, Volume 213, Issue 4, pp 799–808

Behavioral characterization of adult male and female rhesus monkeys exposed to cocaine throughout gestation

  • Lindsey R. Hamilton
  • Paul W. Czoty
  • Michael A. Nader
Original Investigation



In utero cocaine exposure has been associated with alterations in the dopamine (DA) system in monkeys. However, the behavioral outcomes of prenatal cocaine exposure in adulthood are poorly understood.


To assess several behavioral measures in 14-year-old rhesus monkeys exposed to cocaine in utero and controls (n = 10 per group).

Materials and methods

For these studies, two unconditioned behavioral tasks, novel object reactivity and locomotor activity, and two conditioned behavioral tasks, response extinction and delay discounting, were examined. In addition, cerebrospinal fluid (CSF) samples were analyzed for concentrations of the monoamine metabolites homovanillic acid (HVA) and 5-hydroxyindole acetic acid (5-HIAA).


No differences in CSF concentrations of 5-HIAA and HVA, latencies to touch a novel object or locomotor activity measures were observed between groups or sexes. However, prenatally cocaine-exposed monkeys required a significantly greater number of sessions to reach criteria for extinction of food-reinforced behavior than control monkeys. On the delay-discounting task, male prenatally cocaine-exposed monkeys switched preference from the larger reinforcer to the smaller one at shorter delay values than male control monkeys; no differences were observed in females.


These findings suggest that prenatal cocaine exposure results in long-term neurobehavioral deficits that are influenced by sex of the individual.


Animal model Dopamine Drug abuse Serotonin Sex differences Prenatal cocaine Impulsivity Delay discounting Rhesus monkey 


  1. Accornero VH, Amado AJ, Morrow CE, Xue L, Anthony JC, Bandstra ES (2007) Impact of prenatal cocaine exposure on attention and response inhibition as assessed by continuous performance tests. J Dev Behav Pediatr 28:195–205CrossRefPubMedGoogle Scholar
  2. Anderson KG, Woolverton WL (2003) Effects of dose and infusion delay on cocaine self-administration choice in rhesus monkeys. Psychopharmacology 167:424–430PubMedGoogle Scholar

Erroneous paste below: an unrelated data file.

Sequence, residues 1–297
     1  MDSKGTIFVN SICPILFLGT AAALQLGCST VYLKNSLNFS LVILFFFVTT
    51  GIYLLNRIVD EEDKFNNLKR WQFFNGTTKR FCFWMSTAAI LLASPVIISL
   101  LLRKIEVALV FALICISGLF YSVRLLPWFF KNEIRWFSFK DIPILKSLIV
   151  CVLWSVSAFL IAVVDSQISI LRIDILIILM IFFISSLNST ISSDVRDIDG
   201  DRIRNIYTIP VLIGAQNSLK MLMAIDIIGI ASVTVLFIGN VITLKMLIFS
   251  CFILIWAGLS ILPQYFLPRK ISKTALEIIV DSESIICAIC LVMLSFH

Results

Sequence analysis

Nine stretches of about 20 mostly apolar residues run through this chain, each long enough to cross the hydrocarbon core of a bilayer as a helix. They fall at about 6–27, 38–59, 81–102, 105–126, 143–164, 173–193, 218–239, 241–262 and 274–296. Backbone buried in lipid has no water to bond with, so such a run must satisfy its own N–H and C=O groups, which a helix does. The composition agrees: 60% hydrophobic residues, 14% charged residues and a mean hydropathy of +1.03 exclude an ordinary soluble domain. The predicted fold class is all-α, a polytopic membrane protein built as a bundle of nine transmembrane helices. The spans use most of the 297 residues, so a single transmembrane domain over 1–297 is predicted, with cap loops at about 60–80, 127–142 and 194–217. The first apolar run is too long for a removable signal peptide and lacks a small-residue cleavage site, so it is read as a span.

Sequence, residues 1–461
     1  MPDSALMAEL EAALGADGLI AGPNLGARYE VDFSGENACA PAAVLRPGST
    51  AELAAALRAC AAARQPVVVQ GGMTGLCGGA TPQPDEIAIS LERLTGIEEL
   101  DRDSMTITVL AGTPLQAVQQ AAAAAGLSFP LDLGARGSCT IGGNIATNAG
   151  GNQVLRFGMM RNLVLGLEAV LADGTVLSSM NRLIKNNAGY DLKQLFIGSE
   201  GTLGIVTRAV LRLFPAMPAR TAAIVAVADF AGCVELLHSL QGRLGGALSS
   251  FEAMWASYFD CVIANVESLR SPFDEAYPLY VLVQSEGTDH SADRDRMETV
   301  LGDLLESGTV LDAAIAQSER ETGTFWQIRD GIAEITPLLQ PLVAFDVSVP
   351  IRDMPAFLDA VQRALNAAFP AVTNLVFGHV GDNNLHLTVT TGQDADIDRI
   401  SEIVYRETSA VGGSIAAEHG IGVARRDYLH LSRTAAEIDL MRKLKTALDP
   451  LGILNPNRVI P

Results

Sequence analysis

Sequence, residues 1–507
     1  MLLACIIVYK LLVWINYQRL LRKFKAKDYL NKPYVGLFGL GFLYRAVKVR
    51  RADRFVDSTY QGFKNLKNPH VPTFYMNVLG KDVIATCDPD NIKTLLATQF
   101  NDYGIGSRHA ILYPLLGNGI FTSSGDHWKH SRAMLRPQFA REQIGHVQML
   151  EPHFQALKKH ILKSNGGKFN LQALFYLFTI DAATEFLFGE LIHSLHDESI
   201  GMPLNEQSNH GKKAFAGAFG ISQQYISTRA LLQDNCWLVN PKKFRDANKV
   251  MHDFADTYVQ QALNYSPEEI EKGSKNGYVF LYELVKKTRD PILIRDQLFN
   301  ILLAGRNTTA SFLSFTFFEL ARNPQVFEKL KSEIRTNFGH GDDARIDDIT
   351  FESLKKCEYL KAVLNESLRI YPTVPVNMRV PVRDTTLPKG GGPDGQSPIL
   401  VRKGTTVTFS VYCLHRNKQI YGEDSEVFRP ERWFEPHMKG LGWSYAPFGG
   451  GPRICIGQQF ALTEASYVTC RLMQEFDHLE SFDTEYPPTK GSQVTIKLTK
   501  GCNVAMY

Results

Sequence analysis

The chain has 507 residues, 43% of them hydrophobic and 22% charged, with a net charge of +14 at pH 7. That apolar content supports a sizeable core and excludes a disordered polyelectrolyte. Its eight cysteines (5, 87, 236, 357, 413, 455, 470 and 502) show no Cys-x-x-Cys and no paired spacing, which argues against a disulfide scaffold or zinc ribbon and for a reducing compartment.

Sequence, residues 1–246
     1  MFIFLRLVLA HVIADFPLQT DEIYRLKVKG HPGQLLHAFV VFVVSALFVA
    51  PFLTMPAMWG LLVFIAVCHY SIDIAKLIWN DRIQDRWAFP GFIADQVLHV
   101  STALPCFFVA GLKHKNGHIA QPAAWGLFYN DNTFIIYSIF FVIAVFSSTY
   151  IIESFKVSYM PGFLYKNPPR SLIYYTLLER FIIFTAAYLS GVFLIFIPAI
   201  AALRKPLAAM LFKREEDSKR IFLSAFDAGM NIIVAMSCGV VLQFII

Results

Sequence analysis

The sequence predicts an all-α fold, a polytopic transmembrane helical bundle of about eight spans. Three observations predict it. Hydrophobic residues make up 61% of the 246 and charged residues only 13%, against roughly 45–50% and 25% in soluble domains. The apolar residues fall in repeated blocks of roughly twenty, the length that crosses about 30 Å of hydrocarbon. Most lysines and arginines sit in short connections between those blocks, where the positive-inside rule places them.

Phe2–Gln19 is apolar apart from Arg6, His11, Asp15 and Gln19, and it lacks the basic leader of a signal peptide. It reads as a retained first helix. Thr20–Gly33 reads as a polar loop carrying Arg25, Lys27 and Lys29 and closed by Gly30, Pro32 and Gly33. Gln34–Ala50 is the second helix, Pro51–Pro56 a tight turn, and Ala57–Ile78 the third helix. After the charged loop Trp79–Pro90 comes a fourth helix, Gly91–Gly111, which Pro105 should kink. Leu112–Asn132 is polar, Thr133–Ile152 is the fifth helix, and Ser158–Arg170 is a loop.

3. Bandstra ES, Accornero VH, Morrow CE, Xue L, Simpson GR, Glavach MK, Anthony JC (2007) Longitudinal study of visual attention in prenatally cocaine-exposed children and adolescents. Pediatric Academic Societies’ Annual Meeting, Toronto, Canada. 6715.3Google Scholar
  4. Bendersky M, Bennet DS, Lewis M (2006) Aggression at age five as a function of prenatal exposure to cocaine, gender, and environmental risk. J Pediatr Psychol 31:1–14Google Scholar
  5. Bennett D, Bendersky M, Lewis M (2007) Preadolescent health risk behavior as a function of prenatal cocaine exposure and gender. J Dev Behav Pediatr 28:467–472CrossRefPubMedGoogle Scholar
  6. Bolig R, Price CS, O’Neill PL, Suomi SJ (1992) Subjective assessment of reactivity level and personality traits of rhesus monkeys. Int J Primatol 13:287–306CrossRefGoogle Scholar
  7. Cabrera-Vera TM, Garcia F, Pinto W, Battaglia G (2000) Neurochemical changes in brain serotonin neurons in immature and adult offspring prenatally exposed to cocaine. Brain Res 870:1–9CrossRefPubMedGoogle Scholar
  8. Chamberlain SR, Sahakian BJ (2007) The neuropsychiatry of impulsivity. Curr Opin Psychiatry 20:255–261PubMedGoogle Scholar
  9. Clarke AS, Boinski S (1995) Temperament in nonhuman primates. Am J Primatol 37:103–125CrossRefGoogle Scholar
  10. Coleman K, Tully LA, McMillan JL (2005) Temperament correlates with training success in adult rhesus macaques. Am J Primatol 65:63–71CrossRefPubMedGoogle Scholar
  11. Collins GT, Witkin JM, Newman AH, Svensson KA, Grundt P, Cao J, Woods JH (2005) Dopamine agonist-induced yawning in rats: a dopamine D3 receptor-mediated behavior. J Pharmacol Exp Ther 314:310–319CrossRefPubMedGoogle Scholar
  12. Czoty PW, Riddick NV, Gage HD, Sandridge M, Nader SH, Garg S, Bounds M, Garg PK, Nader MA (2009) Effect of menstrual cycle phase on dopamine D2 receptor availability in female cynomolgus monkeys. Psychopharmacology 34:548–554Google Scholar